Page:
A Musical Medley
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Mini-Music  Q & A


What You Should Know Before You Buy That Strad.
Prof. Gary Scavone

Comments from attendees:

  • How hard it is to be conclusive about an instrument's quality

  • Visual representations of vibrations

  •  A good violinist can make a bad violin sound good

  • This was great! Thank you, next time a lecture on bows and their importance to quality of sound

  • Older instruments are not necessarily better 

Questions and Answers:

1 - Please comment on what your research has shown on the comparison between the old, established violins and the newer ones?

The work we have conducted thus far here at McGill has not directly addressed the issue of "old vs. new". The aim of our studies has been to better understand how players subjectively evaluate violin qualities. Our first study focused primarily on within-individual and between-individual consistency in preference ranking of violins. A second experiment was then conducted to investigate the origin of inter-individual differences in the preference for violins and to measure the extent to which different attributes of the instrument influence preference. For our studies, we sought a broad range (age and price) of instruments that would be classified as "decent" to "very good." It would have been nice to be able to include some vintage, old instruments in this study, but it was not necessary and in general, it is very difficult to find owners willing to lend out expensive, old instruments for a period of two weeks or so (the time we needed to run that study). That said, given the range of instruments we had (values between about $1.3K - $250K, ages between about 1770 - 2010), we did not find any correlation between age, value, and perceived quality. The 2010 study by Fritz, Curtin, and Tao did directly to explore the "old vs. new" question, using Stradivari and Guarneri violins, and their results were similar to ours.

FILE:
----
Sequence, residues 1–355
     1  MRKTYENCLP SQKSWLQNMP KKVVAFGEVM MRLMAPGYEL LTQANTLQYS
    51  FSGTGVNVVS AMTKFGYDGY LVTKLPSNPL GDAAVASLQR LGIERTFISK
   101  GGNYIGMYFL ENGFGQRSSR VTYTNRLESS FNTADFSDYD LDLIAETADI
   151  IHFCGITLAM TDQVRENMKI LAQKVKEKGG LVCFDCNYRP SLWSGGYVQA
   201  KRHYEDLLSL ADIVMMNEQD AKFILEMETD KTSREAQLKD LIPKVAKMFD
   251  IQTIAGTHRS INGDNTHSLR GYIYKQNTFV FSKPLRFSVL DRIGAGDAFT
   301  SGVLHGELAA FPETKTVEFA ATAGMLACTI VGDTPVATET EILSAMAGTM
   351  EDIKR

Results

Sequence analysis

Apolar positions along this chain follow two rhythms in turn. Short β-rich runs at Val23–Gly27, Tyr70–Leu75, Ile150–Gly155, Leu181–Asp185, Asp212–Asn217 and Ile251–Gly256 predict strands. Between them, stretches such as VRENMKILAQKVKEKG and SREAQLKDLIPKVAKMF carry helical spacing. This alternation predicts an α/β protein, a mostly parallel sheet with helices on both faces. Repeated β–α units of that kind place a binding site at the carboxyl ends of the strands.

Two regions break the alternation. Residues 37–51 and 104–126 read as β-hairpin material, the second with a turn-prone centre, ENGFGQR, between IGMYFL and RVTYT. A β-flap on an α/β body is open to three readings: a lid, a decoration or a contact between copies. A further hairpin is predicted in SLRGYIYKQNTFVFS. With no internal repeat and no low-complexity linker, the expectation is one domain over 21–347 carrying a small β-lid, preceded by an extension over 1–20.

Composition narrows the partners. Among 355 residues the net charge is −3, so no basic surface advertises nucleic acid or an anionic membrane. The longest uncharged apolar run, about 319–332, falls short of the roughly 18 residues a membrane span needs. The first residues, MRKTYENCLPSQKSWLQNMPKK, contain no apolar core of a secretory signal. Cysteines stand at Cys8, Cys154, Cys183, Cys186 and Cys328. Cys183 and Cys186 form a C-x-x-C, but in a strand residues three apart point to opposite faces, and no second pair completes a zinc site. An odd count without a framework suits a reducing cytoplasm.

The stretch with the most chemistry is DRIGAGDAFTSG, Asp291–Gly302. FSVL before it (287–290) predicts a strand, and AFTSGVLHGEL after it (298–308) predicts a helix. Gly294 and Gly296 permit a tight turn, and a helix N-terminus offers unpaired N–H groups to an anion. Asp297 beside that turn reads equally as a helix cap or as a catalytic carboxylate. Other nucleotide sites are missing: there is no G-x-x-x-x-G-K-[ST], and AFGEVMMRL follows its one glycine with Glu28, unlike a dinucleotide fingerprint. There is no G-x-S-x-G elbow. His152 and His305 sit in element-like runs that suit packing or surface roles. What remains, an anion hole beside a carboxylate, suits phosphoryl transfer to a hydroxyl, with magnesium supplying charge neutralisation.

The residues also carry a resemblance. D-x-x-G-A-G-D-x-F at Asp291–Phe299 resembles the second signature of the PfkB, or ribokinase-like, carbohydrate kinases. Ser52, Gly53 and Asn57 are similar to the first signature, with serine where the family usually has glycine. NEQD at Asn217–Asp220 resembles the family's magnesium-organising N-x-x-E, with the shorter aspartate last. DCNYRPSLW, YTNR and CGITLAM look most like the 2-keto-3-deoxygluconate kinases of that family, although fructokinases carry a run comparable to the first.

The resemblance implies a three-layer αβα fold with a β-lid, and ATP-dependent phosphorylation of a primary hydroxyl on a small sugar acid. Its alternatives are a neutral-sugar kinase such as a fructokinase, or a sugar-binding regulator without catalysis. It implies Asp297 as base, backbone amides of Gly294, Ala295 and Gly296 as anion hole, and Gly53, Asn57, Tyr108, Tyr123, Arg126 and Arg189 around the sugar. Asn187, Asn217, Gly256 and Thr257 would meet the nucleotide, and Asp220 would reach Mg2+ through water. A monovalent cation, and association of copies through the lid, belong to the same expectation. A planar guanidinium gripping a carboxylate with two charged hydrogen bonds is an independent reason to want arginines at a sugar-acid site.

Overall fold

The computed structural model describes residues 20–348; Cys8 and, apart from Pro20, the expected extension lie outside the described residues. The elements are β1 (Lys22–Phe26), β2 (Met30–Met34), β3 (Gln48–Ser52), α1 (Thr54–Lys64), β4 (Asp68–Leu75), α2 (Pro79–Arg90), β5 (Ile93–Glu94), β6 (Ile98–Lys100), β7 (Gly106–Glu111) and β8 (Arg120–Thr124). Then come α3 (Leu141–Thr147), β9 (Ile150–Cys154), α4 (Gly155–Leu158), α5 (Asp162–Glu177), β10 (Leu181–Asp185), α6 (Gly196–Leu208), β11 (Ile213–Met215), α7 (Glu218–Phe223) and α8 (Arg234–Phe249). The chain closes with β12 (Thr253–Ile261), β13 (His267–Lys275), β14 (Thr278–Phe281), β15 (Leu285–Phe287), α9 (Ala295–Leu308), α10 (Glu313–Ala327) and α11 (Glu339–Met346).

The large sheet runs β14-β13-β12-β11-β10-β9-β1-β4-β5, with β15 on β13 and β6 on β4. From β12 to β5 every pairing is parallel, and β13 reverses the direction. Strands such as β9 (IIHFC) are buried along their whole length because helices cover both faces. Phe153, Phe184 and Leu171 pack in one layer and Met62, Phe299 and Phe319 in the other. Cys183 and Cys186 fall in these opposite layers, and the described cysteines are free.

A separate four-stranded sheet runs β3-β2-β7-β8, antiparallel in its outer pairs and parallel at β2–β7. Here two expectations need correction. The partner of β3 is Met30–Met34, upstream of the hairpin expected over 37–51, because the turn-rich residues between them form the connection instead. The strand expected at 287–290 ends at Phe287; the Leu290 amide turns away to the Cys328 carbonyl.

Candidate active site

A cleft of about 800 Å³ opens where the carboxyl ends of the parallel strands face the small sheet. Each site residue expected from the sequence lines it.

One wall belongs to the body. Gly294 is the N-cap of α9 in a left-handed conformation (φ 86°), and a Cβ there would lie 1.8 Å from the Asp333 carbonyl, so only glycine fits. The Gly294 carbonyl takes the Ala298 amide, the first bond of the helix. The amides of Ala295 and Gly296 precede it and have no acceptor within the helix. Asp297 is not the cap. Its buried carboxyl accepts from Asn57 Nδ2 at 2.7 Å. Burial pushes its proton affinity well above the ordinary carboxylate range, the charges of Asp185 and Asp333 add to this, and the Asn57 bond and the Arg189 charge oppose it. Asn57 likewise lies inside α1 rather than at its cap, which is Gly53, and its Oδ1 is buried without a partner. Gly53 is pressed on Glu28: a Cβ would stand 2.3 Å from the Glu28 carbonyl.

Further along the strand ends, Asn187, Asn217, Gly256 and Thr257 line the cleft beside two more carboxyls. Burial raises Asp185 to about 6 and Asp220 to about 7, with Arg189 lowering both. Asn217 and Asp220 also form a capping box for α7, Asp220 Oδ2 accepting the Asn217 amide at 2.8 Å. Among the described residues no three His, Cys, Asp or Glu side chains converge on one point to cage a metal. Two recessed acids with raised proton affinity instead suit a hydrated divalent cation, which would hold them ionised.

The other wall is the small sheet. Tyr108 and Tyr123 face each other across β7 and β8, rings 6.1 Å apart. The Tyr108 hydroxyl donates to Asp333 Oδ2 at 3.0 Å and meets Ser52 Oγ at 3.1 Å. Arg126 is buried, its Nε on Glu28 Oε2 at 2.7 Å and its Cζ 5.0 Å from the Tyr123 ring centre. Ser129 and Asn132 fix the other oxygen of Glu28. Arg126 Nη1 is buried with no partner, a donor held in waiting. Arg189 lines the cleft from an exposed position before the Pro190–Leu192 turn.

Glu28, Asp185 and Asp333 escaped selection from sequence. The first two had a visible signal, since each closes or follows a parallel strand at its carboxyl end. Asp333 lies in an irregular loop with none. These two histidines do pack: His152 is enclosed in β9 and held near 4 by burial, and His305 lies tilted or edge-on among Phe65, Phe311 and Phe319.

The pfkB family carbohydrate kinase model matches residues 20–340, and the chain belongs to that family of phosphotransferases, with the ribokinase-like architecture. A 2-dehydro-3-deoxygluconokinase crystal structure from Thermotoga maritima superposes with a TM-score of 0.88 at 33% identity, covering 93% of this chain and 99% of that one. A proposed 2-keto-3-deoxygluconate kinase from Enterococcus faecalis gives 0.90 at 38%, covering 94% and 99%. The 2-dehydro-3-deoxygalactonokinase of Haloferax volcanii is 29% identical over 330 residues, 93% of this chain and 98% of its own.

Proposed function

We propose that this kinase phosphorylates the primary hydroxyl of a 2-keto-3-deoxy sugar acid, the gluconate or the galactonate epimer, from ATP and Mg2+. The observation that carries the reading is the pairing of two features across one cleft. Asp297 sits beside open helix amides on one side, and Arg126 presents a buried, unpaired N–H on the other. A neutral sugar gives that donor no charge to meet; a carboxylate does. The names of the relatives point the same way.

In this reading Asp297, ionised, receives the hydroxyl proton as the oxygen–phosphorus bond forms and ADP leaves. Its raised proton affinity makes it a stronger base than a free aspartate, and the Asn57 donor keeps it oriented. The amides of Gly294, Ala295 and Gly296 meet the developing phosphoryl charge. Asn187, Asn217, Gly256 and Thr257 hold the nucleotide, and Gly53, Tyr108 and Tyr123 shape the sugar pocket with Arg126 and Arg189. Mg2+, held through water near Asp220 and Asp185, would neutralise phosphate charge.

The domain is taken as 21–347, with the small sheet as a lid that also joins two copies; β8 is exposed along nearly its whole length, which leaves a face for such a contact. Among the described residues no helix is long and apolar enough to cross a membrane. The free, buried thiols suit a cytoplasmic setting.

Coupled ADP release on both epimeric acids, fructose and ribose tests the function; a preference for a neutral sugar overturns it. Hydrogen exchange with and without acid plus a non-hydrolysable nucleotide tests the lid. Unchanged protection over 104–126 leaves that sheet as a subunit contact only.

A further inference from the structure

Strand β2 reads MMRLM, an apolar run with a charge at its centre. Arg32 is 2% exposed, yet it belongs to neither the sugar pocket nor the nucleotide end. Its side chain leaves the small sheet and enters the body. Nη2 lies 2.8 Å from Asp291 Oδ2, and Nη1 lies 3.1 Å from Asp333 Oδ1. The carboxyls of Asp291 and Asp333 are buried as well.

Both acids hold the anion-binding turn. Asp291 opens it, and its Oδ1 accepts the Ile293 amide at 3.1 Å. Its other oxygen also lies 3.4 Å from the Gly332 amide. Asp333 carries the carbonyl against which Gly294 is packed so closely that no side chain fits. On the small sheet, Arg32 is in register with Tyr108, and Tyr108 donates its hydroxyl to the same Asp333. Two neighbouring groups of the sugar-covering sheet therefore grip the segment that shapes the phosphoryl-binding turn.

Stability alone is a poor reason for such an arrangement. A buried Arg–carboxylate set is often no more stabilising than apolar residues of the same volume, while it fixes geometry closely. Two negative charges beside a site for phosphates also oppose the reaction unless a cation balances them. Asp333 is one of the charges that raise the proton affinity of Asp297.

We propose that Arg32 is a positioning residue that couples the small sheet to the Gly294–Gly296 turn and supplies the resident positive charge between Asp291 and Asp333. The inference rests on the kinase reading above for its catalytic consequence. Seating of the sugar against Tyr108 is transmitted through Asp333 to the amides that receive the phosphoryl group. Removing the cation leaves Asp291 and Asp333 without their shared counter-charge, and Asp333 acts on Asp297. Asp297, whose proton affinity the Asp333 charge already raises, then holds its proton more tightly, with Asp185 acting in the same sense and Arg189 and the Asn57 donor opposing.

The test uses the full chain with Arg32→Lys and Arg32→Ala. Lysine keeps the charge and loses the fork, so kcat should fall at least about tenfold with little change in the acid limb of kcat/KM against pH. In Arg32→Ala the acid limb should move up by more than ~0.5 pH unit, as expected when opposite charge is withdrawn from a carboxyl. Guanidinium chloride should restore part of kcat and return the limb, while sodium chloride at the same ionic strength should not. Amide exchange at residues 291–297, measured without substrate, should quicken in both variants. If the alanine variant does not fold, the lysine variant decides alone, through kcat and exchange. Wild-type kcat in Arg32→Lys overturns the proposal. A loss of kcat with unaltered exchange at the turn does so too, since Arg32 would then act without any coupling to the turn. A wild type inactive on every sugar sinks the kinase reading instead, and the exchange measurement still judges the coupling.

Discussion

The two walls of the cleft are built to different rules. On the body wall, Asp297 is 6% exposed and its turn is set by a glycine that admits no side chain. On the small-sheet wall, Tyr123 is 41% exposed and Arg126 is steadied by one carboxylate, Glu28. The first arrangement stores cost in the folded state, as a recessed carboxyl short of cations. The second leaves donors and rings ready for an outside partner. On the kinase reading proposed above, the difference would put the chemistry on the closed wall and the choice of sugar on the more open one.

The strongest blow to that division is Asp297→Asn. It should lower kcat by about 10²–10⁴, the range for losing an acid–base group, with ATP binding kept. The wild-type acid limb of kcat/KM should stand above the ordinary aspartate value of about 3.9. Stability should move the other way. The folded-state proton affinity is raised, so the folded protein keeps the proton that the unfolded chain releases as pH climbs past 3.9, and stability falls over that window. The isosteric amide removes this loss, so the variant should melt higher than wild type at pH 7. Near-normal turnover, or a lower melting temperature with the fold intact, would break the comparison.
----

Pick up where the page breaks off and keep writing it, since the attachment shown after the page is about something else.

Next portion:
2 - How significant is the bow and why?

The bow is a very significant part of the instrument. Bows can have very distinct behaviours and players try to find a bow that works well with their instrument. The bow is in direct contact with the vibrating strings and the bow-string interaction is an important aspect of the "feel" of the instrument. The bow itself has particular vibrational characteristics that influence this interaction. For the moment, we have chosen to focus on the subjective evaluation of violins but similar studies of bows would be equally interesting.
 

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